When I was a little girl, I used to loooove Girl Guide cookies.
This was back in the day when little girls used to come to your door to sell cookies – and for anyone reading this who was born after 1990, you will have no idea what I’m talking about (not so much about the girl guide cookies, but more about seeing little girls alone on the street, going door to door with cookies and a wad of cash!).
I was never a Girl Guide myself, but I sure did love those cookies! My absolute favourite were the Samoas (caramel delights) and the Tagalongs. You could always get the Samoas but the tagalongs were harder to get. For those of you that don’t know, they are a crispy vanilla cookies layered with peanut butter and covered with a chocolate coating.
Well, I’m pretty sure you can only order them online (because, again, who in their right mind would let a little girl peddle cookies door to door now?). But, instead of ordering the cookies, I decided to try my hand at making them a bit healthier.
I made the base with almond meal that I mixed with a bit of additional cocoa powder to get them nice and chocolatey…
Then I added in coconut oil and maple syrup or honey (I’ve used both and the maple syrup has a bit more sweetness – this below is honey)
When that’s all mixed together, you get this nice mixture that you will want to make sure gets compact when squeezed.
Roll them into balls and make an indent with your thumb…
But, I find using your knuckle makes a better indent – which, I guess would make these knuckle cookies 😉
The chocolate coating mixture is enough to coat all of the cookies in their entirety but, if you choose to simply drizzle the top of the cookies instead of coat them, you may find yourself with leftover chocolate. If you pour it into a mason jar and store it in the fridge, it will keep for a few months and can be warmed in the microwave to use with future batches of cookies or even to pour over ice cream!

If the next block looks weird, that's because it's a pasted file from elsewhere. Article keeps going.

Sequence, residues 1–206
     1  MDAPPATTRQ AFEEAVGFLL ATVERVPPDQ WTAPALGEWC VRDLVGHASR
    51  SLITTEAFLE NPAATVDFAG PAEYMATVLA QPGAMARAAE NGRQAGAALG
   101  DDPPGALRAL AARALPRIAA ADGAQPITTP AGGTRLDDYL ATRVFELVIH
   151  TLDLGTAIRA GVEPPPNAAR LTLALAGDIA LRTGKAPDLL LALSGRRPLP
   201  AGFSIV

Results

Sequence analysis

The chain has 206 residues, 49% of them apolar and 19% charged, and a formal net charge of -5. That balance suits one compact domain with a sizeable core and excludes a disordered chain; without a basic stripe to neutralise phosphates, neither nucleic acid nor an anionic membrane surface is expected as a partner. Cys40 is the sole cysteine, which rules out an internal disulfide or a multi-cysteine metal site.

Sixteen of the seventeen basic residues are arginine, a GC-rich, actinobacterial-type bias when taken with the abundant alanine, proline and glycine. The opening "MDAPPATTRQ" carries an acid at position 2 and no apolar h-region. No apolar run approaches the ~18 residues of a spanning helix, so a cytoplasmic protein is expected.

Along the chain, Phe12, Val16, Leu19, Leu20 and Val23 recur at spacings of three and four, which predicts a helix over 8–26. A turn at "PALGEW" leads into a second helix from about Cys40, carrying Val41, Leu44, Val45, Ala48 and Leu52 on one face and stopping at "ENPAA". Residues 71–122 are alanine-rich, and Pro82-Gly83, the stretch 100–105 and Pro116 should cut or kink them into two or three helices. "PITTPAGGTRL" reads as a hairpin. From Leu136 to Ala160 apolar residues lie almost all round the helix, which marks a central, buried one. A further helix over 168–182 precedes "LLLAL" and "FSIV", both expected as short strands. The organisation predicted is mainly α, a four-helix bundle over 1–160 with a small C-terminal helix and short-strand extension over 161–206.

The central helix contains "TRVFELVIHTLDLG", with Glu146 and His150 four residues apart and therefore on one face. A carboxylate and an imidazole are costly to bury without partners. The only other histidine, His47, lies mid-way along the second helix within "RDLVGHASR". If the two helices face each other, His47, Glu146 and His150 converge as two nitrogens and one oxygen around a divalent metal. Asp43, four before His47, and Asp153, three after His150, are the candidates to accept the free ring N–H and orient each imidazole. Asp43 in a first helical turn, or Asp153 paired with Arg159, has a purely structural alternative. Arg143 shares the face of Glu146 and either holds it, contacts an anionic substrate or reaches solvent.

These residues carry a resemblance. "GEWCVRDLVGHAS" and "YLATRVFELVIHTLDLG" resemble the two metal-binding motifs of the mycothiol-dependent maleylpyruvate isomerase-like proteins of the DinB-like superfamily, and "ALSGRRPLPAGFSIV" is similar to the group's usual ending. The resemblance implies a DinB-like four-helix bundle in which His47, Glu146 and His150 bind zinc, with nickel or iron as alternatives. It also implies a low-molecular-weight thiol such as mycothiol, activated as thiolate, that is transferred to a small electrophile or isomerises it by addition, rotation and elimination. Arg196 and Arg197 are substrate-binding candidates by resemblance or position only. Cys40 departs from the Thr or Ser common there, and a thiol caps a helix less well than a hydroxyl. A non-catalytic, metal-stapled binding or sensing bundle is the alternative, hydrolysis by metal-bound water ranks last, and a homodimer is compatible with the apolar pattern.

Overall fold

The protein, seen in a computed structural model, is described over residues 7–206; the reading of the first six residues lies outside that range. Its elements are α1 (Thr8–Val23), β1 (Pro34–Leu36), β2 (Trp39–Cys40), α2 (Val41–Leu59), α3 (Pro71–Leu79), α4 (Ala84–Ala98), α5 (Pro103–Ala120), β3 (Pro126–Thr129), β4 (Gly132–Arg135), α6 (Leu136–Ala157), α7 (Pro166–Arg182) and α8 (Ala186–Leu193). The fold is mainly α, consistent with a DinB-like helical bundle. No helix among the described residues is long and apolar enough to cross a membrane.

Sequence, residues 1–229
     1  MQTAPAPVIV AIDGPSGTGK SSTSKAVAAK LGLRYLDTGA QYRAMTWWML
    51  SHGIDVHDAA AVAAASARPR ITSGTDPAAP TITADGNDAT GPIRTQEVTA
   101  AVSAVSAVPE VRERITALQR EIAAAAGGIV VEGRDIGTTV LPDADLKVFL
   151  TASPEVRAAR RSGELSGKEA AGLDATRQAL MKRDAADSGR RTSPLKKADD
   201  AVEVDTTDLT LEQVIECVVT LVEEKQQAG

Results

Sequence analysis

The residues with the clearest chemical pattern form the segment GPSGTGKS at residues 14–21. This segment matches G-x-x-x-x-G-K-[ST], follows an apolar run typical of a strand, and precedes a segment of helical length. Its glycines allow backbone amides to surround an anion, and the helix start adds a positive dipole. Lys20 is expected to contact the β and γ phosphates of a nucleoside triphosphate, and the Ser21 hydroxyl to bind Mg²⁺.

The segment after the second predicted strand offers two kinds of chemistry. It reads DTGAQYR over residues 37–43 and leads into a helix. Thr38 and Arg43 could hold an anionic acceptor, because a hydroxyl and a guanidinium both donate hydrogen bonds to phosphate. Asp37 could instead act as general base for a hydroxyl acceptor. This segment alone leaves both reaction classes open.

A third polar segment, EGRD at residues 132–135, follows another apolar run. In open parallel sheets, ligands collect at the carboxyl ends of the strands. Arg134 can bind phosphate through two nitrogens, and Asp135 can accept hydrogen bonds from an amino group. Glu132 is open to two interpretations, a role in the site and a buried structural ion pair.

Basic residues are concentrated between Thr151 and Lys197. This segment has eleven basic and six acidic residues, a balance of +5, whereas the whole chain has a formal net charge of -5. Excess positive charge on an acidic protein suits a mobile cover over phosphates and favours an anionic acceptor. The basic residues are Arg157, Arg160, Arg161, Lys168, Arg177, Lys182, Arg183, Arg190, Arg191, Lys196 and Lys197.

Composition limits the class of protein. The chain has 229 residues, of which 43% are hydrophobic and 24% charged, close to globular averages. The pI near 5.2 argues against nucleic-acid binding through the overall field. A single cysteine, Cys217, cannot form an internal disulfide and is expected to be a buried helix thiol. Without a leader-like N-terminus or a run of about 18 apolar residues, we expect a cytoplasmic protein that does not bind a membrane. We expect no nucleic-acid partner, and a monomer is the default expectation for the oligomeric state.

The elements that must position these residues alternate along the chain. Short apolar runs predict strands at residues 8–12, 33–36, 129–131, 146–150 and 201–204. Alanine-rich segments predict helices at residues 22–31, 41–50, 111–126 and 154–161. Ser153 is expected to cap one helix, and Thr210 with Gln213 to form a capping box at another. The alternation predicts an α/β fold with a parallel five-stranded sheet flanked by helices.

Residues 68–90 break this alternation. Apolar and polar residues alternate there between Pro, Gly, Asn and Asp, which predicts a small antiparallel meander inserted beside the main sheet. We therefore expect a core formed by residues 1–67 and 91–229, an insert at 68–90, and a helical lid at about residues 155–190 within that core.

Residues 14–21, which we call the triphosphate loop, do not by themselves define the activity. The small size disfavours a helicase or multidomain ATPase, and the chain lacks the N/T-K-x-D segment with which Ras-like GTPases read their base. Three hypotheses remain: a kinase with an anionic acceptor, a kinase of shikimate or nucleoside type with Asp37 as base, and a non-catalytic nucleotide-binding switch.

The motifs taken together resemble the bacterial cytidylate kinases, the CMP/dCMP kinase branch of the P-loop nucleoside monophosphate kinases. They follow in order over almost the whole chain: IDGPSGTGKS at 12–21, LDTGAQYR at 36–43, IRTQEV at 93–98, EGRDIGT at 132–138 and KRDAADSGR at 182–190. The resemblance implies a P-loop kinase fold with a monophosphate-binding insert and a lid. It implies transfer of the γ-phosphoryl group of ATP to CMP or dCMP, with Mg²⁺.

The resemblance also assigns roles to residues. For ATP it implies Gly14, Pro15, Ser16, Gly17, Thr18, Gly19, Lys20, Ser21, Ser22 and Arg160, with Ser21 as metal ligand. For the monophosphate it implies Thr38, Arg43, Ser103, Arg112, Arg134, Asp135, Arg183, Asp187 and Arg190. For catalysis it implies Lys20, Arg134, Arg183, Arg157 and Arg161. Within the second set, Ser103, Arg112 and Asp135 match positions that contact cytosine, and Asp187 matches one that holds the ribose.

Once the cookies come out of the oven, allow them to cool for a bit and drop a teaspoonful of nut butter into the well of each cookie. Now you can pop them into the freezer to harden them (this step is important if you are completely coating the cookies but if you are simply drizzling the chocolate, this step is unnecessary).
Now, a quick drizzle of chocolate and you are good to go!!
Healthy Thumbprint Cookies
- 2 cup almond flour
- 2 tbsp cocoa powder
- 1/4 cup melted coconut oil + 4 teaspoons for chocolate
- 1/4 cup maple syrup or honey
- 1 teaspoon vanilla
- pinch salt
- 1/2 cup almond butter
- 1 cup dark chocolate chips
- Preheat oven to 350°F.
- Prepare two baking sheets with either silpat mats or parchment paper.In a medium bowl.
- Add almond flour, cocoa powder, coconut oil, maple syrup, vanilla and salt
- Using a small cookie scoop or a tablespoon, scoop the dough and form into a round cookie shape, use your thumb to create a small dent in the center of each cookie.
- Place cookies on a parchment lined baking sheet for 13-16 minutes, until cookies are slightly golden brown on the bottom.
- Let cool completely on the cookie sheet.
- Once cookies have cooled, add a small spoon of almond butter into the dent of each cookie and spread it a little over the top.
- Place cookies in the freezer for about 20-30 minutes to let the nut butter harden a bit.
- In a medium bowl, melt chocolate chips and coconut oil in the microwave (you can also use double boiler). If using the microwave, add chips and coconut oil to a microwave safe bowl and heat for 1 minute, stir and heat in 30 second increments until chocolate has melted.
- Remove cookies from the freezer and dip each into the melted chocolate, one by one. Use a fork to dip and remove the cookie from the chocolate, making sure to let the excess chocolate drip off before transferring back to the baking sheet lined with parchment.
- Place chocolate covered cookies in the fridge or freezer for about 15-20 minutes to let chocolate set. Enjoy right away and store any leftovers in the fridge until ready to eat.
Almond butter: Feel free to use a different nut or seed butter instead.